If Ethiopia’s pre-conflict growth premium cannot be restored, it would be equivalent to a loss to the Ethiopian economy of about $125 billion.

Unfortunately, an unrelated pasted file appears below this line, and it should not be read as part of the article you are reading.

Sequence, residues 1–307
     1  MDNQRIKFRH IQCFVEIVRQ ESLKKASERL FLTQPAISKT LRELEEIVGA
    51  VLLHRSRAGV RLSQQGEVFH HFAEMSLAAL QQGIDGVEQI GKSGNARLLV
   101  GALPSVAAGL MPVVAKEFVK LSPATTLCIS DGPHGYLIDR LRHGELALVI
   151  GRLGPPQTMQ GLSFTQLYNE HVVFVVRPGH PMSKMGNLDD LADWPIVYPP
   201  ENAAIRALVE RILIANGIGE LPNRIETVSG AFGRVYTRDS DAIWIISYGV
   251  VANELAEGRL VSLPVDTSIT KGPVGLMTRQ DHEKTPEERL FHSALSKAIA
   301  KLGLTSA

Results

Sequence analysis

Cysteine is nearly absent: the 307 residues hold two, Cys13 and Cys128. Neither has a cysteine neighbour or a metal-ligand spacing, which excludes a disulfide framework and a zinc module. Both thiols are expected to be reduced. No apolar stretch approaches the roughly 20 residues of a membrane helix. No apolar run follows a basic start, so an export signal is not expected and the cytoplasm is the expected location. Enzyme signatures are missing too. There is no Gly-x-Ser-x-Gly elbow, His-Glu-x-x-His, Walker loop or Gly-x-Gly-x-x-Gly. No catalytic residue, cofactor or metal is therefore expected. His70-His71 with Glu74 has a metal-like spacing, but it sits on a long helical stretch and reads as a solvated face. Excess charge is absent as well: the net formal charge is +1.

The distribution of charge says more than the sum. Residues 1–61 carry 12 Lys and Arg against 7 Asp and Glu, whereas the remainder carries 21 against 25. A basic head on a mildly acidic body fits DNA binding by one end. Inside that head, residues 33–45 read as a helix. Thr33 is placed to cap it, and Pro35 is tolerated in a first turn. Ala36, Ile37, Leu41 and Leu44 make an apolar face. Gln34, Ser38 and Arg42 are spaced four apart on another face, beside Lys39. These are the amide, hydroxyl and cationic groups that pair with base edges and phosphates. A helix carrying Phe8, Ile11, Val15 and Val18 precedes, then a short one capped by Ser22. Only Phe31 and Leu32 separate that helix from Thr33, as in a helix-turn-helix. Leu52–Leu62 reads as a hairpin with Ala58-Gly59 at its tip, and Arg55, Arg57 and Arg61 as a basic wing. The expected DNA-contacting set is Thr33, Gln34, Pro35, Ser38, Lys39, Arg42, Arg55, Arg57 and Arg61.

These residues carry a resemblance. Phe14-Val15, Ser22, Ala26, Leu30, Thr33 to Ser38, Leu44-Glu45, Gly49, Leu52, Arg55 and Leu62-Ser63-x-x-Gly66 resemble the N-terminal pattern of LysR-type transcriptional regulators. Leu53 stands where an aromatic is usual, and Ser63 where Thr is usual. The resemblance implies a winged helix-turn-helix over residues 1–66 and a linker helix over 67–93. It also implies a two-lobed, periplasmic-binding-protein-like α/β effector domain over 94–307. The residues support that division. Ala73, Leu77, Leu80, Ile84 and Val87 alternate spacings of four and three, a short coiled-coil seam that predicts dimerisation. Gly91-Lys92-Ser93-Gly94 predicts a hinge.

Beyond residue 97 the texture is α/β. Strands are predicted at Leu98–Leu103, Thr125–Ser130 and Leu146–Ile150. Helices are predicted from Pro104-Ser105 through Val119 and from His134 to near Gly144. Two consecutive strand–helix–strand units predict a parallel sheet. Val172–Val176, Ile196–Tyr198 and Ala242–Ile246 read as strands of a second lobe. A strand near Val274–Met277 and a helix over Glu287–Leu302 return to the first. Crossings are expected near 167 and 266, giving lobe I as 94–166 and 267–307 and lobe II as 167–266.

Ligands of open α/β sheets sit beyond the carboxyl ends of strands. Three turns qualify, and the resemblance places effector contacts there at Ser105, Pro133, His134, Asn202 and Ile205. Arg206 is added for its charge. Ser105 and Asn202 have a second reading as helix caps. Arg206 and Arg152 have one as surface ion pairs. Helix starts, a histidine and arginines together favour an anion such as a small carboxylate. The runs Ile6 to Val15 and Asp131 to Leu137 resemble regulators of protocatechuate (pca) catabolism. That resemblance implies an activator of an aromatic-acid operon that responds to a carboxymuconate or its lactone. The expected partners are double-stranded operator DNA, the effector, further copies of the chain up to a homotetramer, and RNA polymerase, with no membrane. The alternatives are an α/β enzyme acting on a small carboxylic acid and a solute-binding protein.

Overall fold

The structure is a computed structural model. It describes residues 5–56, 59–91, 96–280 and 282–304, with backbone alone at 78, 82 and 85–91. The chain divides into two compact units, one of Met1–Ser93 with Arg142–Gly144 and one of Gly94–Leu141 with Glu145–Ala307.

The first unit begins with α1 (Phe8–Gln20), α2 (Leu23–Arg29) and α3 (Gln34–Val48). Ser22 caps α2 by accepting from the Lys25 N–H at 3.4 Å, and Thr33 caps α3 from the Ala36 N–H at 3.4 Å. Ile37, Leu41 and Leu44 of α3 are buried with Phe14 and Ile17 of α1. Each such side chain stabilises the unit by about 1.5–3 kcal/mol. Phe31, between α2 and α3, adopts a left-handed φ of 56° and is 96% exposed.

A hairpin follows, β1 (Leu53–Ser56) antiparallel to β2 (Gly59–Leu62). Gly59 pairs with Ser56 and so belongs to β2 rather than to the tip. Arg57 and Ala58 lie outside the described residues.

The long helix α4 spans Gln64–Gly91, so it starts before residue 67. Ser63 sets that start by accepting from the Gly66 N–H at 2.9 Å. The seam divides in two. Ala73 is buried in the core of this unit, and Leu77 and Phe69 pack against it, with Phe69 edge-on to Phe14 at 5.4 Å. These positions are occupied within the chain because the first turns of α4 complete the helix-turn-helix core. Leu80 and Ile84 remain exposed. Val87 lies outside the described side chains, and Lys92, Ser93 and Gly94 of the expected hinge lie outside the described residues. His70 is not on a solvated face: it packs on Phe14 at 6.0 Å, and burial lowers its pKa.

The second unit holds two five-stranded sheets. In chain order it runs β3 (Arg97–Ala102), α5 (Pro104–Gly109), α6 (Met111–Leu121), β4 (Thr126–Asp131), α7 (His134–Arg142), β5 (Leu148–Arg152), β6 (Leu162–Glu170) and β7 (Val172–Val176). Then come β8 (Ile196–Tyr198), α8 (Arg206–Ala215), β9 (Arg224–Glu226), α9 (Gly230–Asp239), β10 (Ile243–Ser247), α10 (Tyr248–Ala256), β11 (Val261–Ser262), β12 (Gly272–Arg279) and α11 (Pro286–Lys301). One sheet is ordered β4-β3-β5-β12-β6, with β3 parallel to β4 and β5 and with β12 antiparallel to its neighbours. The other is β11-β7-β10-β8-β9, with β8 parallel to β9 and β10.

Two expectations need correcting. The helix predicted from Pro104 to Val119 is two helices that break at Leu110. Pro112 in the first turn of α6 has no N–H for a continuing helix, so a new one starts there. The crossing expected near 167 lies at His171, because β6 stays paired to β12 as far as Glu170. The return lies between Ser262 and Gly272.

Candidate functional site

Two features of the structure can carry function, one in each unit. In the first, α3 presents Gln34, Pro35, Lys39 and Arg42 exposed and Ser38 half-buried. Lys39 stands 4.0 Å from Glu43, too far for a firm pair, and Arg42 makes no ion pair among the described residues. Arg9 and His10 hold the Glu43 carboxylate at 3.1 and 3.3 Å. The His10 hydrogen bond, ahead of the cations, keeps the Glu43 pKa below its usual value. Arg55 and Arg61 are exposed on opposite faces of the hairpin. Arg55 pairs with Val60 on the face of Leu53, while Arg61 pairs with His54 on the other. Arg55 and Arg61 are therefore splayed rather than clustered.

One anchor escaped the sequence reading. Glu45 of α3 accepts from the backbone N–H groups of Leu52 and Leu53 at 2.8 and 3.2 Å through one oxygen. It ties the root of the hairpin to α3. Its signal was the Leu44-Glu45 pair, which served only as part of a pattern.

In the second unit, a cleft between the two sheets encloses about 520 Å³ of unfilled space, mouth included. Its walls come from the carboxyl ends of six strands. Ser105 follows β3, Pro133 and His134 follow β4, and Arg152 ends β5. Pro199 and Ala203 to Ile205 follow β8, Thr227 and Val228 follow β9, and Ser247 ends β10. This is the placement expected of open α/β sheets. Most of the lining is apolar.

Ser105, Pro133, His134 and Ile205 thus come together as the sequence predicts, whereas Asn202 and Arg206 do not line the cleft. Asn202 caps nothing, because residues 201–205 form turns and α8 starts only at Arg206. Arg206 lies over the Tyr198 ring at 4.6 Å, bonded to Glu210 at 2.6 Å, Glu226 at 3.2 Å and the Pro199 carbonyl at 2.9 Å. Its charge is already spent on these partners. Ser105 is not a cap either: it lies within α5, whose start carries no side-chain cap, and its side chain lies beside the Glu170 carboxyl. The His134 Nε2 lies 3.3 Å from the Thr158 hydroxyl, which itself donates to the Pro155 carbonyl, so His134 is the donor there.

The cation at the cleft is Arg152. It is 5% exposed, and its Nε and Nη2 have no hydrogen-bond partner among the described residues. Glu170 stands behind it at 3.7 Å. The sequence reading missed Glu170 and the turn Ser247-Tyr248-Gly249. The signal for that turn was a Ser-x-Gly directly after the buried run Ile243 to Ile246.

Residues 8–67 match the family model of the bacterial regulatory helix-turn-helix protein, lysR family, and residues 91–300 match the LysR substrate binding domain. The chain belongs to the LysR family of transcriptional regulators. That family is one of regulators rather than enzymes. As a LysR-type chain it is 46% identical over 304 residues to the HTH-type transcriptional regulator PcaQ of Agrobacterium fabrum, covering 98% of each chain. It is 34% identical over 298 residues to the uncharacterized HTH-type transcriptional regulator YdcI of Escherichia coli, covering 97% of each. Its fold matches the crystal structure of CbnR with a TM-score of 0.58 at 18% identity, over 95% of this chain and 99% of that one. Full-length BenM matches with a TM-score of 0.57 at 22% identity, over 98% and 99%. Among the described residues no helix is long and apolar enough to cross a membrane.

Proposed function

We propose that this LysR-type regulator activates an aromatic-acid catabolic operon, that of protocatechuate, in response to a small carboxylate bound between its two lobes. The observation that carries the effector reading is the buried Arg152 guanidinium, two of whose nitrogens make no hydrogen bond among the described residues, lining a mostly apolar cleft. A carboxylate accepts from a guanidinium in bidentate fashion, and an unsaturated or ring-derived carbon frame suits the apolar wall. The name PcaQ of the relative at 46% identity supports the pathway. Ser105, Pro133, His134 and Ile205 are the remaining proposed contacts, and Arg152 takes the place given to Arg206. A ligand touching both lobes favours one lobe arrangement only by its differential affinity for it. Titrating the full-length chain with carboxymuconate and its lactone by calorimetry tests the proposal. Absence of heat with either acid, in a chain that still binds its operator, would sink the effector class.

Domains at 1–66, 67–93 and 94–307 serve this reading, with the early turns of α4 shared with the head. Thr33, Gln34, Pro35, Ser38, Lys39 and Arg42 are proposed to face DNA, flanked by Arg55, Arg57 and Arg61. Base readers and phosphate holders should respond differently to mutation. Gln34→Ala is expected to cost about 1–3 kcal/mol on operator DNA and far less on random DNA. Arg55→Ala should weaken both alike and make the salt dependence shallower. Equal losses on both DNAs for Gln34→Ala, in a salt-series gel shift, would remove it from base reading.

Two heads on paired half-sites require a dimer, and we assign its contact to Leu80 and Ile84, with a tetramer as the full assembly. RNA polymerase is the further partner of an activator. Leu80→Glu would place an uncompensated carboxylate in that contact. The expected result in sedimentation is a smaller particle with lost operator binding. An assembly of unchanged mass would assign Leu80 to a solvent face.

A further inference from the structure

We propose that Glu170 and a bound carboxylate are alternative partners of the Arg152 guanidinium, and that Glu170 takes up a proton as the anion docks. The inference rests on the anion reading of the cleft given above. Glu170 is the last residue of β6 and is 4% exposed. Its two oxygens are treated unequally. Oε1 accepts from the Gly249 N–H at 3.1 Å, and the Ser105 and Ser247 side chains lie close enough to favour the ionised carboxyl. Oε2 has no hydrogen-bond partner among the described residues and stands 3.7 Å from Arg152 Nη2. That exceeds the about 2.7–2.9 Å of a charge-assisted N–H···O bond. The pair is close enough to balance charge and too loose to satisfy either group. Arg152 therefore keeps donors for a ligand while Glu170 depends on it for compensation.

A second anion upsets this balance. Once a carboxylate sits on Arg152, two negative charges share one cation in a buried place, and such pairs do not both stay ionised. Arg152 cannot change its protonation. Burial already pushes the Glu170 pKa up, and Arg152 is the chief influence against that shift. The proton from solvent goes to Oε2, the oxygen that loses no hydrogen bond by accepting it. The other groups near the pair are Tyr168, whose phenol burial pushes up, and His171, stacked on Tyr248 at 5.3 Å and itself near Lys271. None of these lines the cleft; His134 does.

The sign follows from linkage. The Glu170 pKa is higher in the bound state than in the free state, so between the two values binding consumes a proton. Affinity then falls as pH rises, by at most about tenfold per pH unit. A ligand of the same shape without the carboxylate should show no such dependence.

Up to 2020, Ethiopia benefited from a ‘growth premium’ of between 3.9 to 6.9 percentage points relative to other sub-Saharan African countries that are not rich in natural resources. Forecasts from the International Monetary Fund (IMF) World Economic Outlook (WEO) for the period 2022–2027 suggest that this premium is now on average only 1.5 percentage points per year. We argue that this is linked to the direct – and especially indirect – costs of the conflict the country has experienced in recent years, such as the inability to access international public and private resources to support speedy macroeconomic stabilisation and economic reform, public investment for growth, and FDI. Without sustained peace, and a positive response from international partners, it is unlikely that any improvement is possible on the IMF forecasts; some might even argue that the situation could be worse than the forecasts. If the growth premium cannot be restored, it will be equivalent to a loss to the Ethiopian economy of about 125 billion current US dollars (range: US$ 79 to 171 billion), and will lead to an economy that will be 19 percent (range: 13 to 26 percent) smaller than what could have been obtained by 2027.